The evidence of the daily killings is revealed in stark fashion on the front pages of the city’s newspapers. Lal Mohammad, owner of a tea-shop in Kharadar, an area close to the docks, likes to buy several publications every morning for his customers to browse. He ensures he always buys Jaanbaaz (Fearless or Daredevil), which specialises in crime stories.
The front-page of last Friday’s edition contained the faces of nine men who had been killed the day before; all the images had been taken in the mortuary and the men’s faces were broken and blood-stained. It listed their names – Arshad, Noshad, Habib Memon, Javed Memon, Yasser Baloch, Abdul Malik Karacha, Nyab Langra, Aziz and an unidentified man - and claimed six were members of political parties.
“People like to look and see which people were killed and which political party they were linked to,” said Mr Mohammed.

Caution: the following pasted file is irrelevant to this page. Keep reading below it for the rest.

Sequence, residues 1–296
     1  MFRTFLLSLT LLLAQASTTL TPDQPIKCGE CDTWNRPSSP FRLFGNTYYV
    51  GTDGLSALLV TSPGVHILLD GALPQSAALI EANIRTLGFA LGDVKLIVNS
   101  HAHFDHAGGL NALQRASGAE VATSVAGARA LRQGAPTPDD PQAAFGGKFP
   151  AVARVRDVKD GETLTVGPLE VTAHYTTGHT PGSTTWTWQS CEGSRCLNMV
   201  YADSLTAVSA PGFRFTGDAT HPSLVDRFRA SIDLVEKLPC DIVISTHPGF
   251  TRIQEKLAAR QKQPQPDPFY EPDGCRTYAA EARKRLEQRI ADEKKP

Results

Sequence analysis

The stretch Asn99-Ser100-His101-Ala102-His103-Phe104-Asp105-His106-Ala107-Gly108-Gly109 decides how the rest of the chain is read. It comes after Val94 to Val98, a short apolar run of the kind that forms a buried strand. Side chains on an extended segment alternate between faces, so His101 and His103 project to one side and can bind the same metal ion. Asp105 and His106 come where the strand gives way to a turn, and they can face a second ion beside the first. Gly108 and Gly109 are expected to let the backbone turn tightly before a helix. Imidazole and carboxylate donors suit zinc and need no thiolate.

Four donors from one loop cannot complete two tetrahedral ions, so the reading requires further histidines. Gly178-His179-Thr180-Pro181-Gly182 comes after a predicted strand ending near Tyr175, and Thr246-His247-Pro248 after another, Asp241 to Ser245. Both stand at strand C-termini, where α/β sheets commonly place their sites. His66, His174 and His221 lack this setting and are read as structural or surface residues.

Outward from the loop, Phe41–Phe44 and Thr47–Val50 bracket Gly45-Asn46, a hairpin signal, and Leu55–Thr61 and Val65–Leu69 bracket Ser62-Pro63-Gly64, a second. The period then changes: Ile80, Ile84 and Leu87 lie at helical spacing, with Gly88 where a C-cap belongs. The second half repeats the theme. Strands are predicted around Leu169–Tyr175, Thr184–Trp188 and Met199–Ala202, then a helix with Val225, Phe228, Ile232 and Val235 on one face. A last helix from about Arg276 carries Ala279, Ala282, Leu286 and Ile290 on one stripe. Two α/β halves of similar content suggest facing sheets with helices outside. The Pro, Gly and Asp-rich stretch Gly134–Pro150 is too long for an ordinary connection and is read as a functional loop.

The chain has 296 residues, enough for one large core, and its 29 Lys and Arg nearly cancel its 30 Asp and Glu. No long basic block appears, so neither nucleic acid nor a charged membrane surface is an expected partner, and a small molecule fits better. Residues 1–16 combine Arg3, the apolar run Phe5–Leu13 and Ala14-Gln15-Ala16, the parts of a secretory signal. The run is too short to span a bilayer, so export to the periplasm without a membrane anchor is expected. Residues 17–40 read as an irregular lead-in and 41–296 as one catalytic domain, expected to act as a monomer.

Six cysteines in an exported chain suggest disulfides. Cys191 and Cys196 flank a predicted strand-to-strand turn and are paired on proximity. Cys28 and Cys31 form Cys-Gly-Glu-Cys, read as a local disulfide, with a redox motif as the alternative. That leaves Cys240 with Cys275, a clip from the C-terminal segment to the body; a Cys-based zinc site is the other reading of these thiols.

Mr Mohammad knew a thing or two about political violence. Every month, he said, he handed over R5,000 (£30) to two politically-affiliated gangs which sent him demands. “If I did not pay, they would kill me.”
Asked why he did not turn to the police, he said: “The police are just spectators. I want the military to come and take control. A military operation would rid us of the extortionists and criminals.”
Many of the major political parties – the Pakistan Peoples Party (PPP), which controls the provincial government and which has traditionally been supported by the city’s Baloch community, the Muttahida Qaumi Movement (MQM), which represents the Urdu-speaking community that moved to Karachi after partition and whose leader, Altaf Hussain, lives in London where the party is the focus of a murder probe, and the Awami National Party (ANP), which gets support from the growing Pashtun population – have been accused of supporting armed gangs. All deny it.